Monday, August 22, 2011

Green Loan

Kuala Lumpur:Commercial banks, which are currently shying away from lending to green companies, may have to set aside an allocation to finance green technology projects.

Malaysian Green Technology Corp (MGTC) chief executive officer Dr Nazily Mohd Noor said this was one of the suggestions made during a discussion at the Green Technology and Climate Change Council, chaired by the Prime Minister Datuk Seri Najib Razak, two weeks ago.

"We voiced out this to the Prime Minister about the difficulties companies are facing to obtain loans pertaining to green projects and he (Prime Minister) immediately instructed the Ministry of Finance (MoF) to speak to Bank Negara to look into the matter and to also provide quotas for banks to adhere to when giving out green loans.

"Green technology is a government agenda," he told Business Times in an interview recently.
So far, only RM330 million loans have been extended to green technology companies, a far cry from the targeted RM1.5 billion in loans to be disbursed to the green technology sector by next year.

Nazily said the financing quota is a must because at present, banks are just refusing to approve any loans related to green technology for reasons unknown.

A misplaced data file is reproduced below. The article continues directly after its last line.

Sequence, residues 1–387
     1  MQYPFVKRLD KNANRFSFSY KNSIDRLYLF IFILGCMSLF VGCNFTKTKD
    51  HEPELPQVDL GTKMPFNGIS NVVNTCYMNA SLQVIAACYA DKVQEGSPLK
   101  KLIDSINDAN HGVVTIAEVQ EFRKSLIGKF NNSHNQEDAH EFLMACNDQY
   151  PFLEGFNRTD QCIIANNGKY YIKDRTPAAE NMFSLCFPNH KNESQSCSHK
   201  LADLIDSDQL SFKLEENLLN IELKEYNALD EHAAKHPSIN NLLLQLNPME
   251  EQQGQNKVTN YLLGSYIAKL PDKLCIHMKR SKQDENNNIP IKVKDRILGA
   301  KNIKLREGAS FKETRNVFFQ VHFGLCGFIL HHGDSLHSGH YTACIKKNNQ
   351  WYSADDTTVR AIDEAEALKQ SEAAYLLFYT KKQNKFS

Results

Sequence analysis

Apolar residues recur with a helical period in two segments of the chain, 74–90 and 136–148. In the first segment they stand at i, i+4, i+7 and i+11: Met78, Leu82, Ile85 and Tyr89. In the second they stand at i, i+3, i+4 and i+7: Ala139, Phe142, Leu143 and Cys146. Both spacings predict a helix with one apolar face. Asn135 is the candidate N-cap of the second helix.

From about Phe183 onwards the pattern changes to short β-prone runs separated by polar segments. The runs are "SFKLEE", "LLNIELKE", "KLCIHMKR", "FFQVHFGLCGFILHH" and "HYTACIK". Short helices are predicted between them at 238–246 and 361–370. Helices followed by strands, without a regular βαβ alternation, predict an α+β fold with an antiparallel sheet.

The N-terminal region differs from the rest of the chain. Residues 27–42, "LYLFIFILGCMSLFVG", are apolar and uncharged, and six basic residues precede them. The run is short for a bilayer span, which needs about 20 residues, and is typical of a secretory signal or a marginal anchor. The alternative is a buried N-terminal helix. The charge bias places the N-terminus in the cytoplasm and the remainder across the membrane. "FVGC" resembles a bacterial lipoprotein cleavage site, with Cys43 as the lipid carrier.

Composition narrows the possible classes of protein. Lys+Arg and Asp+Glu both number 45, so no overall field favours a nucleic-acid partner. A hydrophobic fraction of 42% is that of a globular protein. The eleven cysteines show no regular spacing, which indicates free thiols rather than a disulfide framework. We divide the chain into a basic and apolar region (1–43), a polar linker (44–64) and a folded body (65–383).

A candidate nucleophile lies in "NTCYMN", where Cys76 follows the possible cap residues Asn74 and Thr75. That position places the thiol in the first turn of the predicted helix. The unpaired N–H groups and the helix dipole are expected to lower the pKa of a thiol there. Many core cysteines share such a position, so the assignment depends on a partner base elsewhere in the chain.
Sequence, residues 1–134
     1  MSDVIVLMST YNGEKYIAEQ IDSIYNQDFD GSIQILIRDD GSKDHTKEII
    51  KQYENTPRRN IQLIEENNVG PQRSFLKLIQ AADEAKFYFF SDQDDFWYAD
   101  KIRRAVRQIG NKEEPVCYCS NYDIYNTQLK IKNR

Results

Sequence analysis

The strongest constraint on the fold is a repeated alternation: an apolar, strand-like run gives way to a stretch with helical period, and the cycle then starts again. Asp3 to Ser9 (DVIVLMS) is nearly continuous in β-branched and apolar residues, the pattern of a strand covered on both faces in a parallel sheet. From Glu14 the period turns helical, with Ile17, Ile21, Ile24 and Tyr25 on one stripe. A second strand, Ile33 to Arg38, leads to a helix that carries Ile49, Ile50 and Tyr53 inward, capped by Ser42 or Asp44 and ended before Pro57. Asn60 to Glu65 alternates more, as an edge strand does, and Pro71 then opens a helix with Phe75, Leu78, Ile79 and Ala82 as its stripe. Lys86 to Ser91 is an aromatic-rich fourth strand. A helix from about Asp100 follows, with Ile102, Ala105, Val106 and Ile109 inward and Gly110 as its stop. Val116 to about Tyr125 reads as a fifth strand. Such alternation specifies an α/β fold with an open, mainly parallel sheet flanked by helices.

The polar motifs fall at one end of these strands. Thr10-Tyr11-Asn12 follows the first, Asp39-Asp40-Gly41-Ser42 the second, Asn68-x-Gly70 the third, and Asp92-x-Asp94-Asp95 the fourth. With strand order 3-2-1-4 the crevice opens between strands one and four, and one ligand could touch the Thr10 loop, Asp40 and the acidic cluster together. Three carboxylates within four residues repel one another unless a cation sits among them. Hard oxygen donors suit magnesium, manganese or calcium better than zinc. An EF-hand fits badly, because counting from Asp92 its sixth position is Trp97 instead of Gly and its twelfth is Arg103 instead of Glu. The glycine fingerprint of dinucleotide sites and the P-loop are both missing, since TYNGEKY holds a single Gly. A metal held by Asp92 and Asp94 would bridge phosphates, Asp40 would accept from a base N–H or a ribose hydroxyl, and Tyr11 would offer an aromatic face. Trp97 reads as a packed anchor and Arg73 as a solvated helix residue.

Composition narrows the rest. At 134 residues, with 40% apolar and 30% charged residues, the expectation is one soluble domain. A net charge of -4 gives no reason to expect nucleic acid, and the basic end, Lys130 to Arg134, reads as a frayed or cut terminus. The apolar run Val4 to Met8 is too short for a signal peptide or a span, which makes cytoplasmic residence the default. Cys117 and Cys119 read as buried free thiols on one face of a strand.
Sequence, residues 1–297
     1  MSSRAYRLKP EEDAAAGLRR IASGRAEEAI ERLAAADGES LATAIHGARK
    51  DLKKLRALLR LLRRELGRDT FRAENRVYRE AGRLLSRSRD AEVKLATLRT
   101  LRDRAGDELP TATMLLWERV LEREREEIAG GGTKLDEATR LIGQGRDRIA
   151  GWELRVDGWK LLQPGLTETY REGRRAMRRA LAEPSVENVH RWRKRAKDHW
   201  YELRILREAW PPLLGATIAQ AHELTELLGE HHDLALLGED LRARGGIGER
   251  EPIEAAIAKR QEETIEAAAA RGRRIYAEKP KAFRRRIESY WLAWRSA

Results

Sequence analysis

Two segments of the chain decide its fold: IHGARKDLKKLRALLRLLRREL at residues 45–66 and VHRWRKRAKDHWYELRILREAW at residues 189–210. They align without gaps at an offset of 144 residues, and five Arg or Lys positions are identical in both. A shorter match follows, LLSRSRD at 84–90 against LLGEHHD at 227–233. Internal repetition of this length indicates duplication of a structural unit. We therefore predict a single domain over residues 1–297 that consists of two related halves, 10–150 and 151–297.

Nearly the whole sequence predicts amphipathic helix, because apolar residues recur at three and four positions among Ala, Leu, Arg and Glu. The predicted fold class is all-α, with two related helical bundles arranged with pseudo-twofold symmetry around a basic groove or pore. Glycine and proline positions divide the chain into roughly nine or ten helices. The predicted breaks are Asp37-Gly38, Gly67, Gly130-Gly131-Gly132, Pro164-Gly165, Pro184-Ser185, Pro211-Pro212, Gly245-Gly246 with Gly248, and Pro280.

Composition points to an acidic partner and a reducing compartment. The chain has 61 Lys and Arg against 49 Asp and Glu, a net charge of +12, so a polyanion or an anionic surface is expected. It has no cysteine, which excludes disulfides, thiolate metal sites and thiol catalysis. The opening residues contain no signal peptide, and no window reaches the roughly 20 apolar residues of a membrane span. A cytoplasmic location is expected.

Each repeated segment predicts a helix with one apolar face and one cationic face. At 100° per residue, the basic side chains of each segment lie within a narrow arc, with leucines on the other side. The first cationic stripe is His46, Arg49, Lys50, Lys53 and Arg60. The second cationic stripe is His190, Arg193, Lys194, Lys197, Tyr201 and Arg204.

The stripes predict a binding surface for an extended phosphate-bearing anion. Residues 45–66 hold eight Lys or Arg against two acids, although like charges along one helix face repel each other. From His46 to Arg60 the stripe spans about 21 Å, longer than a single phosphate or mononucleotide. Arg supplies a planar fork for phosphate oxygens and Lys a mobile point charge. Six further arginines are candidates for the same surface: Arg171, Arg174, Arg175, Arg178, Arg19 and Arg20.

"The worst part is when they reject these loans, they never give any reason ... so, we don't know why the loans were rejected in the first place. Hence, we don't know which areas to improve on," he added.

Nazily said the MGTC is also willing to partner with green companies when securing loans in the future, if it would make a difference in the approval of such loans.

He said so far, banks have disbursed a total of RM330 million loans to 21 companies, including 13 companies they had approved last year.

The idea is to give out close to RM1.5 billion in loans by next year to green technology projects, a figure which even the MGTC is skeptical about.

Nazily said the MGTC is now considering setting aside RM500 million mainly for biomass projects due to the feed-in tariff, which is expected to kick-start by next month.

"This year, they only gave loans to eight companies but my KPI is 20 companies and I am not sure if I can meet that because the risk appetite for green loans is very low among commercial banks," he said.

Nazily also suggested that the government set aside some seed funding for green technology projects, just like what it has done with the biotechnology and information technology industry.

"This way, instead of going to the banks, we can provide some seed funding to these companies directly," he added.

Read more: Green loans

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